Who knew that the daily consumption of black licorice could be deadly? Doctors said a construction worker in Massachusetts ate a bag and a half of the candy every day for weeks. The habit ended up throwing his nutrients into a tailspin, causing the 54-year-old man’s heart to stop, The Associated Press reported.
A chemical in licorice called glycyrrhizic acid can cause potassium levels to plummet and cause electrolytes to go out of balance.
The Food and Drug Administration said as little as two ounces of black licorice every day could get your heart out of rhythm, especially if you’re over the age of 40.
It’s not only standard licorice that can cause problems. The compound found in licorice root extract can also be found in jelly beans, teas and even beer and chewing tobacco, experts told the AP.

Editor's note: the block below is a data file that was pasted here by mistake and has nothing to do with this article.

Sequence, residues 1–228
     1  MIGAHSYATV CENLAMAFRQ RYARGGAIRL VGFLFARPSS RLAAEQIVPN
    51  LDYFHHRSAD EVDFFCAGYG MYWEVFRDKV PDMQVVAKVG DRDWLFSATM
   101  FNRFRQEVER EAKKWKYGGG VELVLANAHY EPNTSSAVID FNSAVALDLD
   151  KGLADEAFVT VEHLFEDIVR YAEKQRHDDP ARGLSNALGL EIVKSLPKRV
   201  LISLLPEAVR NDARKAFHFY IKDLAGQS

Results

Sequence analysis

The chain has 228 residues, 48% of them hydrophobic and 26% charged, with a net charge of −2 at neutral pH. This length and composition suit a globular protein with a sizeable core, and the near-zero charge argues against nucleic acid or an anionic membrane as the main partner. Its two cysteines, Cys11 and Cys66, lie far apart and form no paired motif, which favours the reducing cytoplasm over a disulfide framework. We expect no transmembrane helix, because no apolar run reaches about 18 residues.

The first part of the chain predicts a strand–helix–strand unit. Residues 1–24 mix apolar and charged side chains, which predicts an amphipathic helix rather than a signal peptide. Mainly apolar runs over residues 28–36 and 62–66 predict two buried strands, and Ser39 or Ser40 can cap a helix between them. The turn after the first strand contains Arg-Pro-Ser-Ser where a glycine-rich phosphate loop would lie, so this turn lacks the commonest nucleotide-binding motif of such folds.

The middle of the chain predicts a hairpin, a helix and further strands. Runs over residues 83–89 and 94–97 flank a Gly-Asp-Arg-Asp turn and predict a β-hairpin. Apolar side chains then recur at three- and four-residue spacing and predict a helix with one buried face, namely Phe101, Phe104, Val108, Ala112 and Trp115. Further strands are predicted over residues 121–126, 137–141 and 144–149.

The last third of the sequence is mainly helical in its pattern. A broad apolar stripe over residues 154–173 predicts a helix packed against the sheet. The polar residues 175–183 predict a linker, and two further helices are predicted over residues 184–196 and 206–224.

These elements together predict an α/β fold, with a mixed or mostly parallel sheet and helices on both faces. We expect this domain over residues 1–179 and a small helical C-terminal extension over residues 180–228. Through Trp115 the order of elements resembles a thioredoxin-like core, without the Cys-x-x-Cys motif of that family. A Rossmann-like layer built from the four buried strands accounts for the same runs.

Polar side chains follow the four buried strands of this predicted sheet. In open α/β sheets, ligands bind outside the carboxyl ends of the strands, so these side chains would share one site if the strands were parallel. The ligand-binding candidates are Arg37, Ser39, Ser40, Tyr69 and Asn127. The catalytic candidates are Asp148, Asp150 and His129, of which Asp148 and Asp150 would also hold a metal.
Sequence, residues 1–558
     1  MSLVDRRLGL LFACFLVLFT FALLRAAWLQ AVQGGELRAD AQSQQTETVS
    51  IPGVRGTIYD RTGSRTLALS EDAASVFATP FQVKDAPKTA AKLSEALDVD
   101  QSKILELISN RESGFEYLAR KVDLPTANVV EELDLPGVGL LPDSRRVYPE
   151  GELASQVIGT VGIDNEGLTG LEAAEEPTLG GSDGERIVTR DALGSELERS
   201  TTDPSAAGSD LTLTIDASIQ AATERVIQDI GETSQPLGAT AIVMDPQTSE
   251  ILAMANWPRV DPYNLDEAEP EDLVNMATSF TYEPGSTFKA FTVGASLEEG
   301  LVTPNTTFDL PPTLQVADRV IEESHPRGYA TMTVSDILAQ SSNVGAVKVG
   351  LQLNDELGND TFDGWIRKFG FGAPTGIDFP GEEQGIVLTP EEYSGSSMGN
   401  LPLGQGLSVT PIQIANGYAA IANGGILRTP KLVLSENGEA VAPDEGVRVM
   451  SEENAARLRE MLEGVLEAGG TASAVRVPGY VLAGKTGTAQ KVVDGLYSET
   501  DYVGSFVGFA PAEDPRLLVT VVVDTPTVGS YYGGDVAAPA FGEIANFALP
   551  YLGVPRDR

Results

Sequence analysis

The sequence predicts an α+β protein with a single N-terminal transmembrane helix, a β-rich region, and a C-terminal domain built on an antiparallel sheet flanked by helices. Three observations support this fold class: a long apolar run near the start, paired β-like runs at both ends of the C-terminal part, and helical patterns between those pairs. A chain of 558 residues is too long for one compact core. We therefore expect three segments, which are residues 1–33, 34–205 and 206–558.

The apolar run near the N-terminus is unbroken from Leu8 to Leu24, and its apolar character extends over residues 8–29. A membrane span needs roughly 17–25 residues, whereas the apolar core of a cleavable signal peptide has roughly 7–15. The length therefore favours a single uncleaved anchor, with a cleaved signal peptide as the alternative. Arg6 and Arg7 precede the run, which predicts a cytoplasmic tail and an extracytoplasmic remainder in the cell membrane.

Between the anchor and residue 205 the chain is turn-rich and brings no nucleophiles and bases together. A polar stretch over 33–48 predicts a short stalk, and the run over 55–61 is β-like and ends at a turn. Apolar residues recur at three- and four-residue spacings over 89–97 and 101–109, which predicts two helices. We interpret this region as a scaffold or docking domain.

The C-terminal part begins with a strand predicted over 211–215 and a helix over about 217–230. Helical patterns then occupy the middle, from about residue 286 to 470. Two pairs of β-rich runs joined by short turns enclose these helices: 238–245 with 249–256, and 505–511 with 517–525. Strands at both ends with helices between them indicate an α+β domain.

The man, who was not identified in a case study published in the New England Journal of Medicine, had previously eaten red licorice, but had switched to black licorice weeks before he died last year. The 54-year-old man collapsed at a restaurant and doctors discovered his potassium level was dangerously low, which caused heart rhythm problems and other health issues. First responders performed CPR and revived him but he died the next day, the AP reported.
Signs of low potassium levels include not only abnormal heart rhythms but also high blood pressure, swelling, lethargy and congestive heart failure, the FDA said.
Licorice has been used as a folk or traditional remedy in treatment for heartburn, stomach ulcers, bronchitis, sore throat, cough and infections, the FDA said.
Many products that are labeled licorice or have licorice flavor have anise oil instead of licorice root. When used as a dietary supplement, licorice root usually has the glycyrrhizin removed, the National Institutes of Health said.
Health experts also warn that black licorice can have an effect when combined with some medications, herbs and supplements. Ask a doctor if you have concerns about side effects, the FDA suggested.
A Hershey Company spokesperson said the company’s Twizzlers licorice is safe to eat and abides by FDA regulations, but added that all foods “should be enjoyed in moderation.”
Cox Media Group